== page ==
In my last Spanning seven urban bridges post, I wrote about a recent hike my husband and I took called the Seven Bridge Walk. The 5.5 mile hike traverses through several older neighborhoods in our city and crosses over a mix of historic and newer bridges. That post featured the first three bridges we crossed; the four remaining bridges are just ahead…
The Quince Street walking bridge is a wooden-trestle bridge that was built in 1905. It is 236 feet long and rises 60 feet over Maple Canyon. Although the cost for the original construction was less than $1,000, the cost to repair the bridge in 1988/1989 was closer to $250,000. Even though I knew the bridge was in good repair, it was a little unnerving to look over the sides and see what looked like a hodge-podge of wooden planks holding it up.
Probably my favorite bridge on our walk is the Spruce Street suspension bridge located in the Bankers Hill neighborhood. It was constructed in 1912 to serve as a passageway for early residents to get to the newly built trolley lines. The bridge stretches 375 feet across and rises 70 feet above Kate Sessions Canyon, named after a horticulturist responsible for many of the plantings found throughout the city. The bridge swayed a little as we walked along it, but it didn’t feel dangerous at all.
After stopping for lunch in the always interesting neighborhood of Hillcrest, we next reached the Vermont Street Bridge. This modern steel bridge was built in place of a deteriorated wooden trestle bridge that dated back to 1916. Rather than replace the beloved original bridge with a merely utilitarian passage, local residents fought for something more interesting and reflective of the two neighborhoods it connects. As we walked over the bridge, we read walking-themed quotes written by people like Martin Luther King, Jr., Kate Sessions, Pythagoras, and even long-time San Diego resident, Theodor Geisel, better known as Dr. Seuss. Can you figure out the word puzzle?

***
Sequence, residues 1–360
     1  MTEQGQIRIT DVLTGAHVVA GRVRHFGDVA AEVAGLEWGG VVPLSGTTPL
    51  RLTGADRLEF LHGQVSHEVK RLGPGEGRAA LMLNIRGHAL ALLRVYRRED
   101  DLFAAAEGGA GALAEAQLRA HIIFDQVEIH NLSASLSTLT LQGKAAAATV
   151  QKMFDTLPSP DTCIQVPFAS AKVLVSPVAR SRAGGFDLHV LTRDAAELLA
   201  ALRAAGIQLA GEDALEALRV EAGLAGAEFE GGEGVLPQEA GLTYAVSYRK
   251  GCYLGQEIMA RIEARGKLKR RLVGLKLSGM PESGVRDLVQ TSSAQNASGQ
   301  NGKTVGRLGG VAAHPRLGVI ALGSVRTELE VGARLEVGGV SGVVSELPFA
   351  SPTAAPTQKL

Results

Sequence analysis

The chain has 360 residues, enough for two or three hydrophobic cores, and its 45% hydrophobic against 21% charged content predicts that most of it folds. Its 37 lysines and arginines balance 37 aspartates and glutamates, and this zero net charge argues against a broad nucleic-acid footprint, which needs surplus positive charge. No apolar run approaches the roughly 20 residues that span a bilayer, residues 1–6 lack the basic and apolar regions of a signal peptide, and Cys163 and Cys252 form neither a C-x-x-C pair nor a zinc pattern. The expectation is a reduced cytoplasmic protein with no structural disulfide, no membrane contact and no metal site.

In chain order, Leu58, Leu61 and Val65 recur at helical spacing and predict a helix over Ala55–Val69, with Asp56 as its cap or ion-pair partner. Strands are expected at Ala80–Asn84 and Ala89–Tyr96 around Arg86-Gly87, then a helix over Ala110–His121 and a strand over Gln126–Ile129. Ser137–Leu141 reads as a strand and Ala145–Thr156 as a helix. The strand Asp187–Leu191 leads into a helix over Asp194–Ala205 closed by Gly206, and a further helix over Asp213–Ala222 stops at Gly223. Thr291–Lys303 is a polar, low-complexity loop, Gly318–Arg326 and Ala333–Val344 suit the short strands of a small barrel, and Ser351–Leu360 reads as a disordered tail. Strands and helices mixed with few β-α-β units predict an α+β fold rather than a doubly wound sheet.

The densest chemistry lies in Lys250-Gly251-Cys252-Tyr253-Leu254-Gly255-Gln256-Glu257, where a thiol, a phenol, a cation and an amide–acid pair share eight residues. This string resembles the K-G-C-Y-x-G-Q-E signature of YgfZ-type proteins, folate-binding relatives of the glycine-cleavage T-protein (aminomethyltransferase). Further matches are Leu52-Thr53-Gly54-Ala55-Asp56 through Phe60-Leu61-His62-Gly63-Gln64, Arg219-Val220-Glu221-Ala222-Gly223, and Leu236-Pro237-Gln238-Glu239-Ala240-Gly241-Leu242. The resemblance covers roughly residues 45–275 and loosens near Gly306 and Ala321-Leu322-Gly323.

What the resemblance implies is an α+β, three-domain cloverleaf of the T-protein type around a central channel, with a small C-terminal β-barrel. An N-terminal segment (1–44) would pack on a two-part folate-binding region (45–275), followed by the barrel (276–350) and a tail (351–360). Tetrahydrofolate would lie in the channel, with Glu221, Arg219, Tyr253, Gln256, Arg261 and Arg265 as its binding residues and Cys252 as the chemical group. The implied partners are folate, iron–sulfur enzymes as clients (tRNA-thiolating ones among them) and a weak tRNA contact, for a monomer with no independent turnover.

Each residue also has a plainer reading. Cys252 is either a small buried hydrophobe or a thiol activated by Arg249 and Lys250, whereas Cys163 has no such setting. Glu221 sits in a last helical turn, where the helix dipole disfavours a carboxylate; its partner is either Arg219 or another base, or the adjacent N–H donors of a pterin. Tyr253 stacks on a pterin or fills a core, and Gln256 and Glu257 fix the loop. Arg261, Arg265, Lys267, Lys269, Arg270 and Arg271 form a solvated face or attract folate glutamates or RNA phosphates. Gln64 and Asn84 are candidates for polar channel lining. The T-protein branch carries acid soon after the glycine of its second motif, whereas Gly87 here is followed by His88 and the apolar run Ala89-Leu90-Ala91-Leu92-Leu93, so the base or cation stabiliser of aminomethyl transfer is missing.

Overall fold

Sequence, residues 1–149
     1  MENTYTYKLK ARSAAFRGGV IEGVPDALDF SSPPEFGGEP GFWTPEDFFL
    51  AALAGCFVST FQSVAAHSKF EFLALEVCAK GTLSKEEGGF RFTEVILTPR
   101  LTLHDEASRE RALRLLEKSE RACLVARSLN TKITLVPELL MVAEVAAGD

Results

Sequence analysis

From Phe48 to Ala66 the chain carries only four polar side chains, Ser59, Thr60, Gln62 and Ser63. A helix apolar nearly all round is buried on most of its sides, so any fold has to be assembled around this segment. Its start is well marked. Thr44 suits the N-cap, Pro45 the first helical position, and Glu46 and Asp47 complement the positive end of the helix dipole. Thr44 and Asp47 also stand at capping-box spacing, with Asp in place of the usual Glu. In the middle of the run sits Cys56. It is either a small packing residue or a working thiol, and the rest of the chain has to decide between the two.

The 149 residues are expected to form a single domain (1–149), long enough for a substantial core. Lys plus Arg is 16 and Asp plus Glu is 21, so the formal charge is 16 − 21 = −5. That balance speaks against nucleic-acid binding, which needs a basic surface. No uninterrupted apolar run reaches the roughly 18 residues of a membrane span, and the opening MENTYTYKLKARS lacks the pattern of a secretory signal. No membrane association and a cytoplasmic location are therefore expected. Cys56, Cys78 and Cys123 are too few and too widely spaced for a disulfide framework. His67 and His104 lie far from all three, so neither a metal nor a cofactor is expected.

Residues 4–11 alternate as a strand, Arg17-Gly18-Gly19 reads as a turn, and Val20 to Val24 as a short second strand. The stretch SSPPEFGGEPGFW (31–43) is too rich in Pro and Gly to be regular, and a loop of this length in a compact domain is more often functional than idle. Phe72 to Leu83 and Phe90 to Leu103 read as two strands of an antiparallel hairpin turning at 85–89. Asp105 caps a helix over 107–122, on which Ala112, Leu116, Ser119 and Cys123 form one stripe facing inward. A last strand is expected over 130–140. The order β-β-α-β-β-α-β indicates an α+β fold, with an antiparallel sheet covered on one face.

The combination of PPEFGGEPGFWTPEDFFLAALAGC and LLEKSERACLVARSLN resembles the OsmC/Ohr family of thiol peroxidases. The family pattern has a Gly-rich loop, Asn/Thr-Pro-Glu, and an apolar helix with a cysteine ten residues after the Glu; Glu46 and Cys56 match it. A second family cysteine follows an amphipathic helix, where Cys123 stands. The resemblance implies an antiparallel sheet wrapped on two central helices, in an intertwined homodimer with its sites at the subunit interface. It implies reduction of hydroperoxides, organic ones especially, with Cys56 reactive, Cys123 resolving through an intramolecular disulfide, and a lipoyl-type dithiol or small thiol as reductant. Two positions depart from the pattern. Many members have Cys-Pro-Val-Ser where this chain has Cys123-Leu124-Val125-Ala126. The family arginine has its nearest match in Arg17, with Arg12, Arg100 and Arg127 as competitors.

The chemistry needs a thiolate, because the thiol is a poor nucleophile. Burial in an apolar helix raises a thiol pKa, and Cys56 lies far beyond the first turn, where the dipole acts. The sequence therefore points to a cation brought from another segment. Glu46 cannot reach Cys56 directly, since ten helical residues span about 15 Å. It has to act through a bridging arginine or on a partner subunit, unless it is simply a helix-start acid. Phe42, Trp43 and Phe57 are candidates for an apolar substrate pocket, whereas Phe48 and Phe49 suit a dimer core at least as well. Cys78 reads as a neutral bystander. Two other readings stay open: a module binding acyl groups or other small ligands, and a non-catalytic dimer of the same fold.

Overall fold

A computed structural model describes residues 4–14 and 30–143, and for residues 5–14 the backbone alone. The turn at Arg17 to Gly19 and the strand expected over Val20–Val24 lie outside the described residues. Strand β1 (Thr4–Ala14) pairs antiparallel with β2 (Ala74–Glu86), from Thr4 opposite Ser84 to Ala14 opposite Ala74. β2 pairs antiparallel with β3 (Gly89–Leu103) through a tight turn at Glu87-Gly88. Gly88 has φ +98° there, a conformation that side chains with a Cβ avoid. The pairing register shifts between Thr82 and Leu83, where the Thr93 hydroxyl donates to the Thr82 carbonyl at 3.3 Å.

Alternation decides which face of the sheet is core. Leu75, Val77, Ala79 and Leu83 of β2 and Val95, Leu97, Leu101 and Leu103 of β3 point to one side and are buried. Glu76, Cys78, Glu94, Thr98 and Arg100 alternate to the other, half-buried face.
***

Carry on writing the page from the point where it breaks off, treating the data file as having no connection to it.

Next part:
As we journeyed towards our next bridge, we passed through an older neighborhood dotted with beautiful craftsmen bungalows. I imagine an artist lives in this one.
Finally, we reached our seventh and last bridge: the historic but hazardous Georgia Street Bridge. A redwood bridge was originally built here in 1907, but it was replaced in 1914. The “new” concrete Georgia Street Bridge is listed on the National Register of Historic Places. I’ve heard that it is scheduled for an $11 million dollar overhaul, including seismic and structural retrofits… hopefully they will begin soon before the bridge crumbles apart.
After crossing our final bridge, we zig-zagged a bit more, then headed back along Park Boulevard towards Balboa Park and our car. At 5.5 fairly flat miles, the walk wasn’t too strenuous but it was a lot of fun and, when we were finished, we felt a little like we had also traveled through time.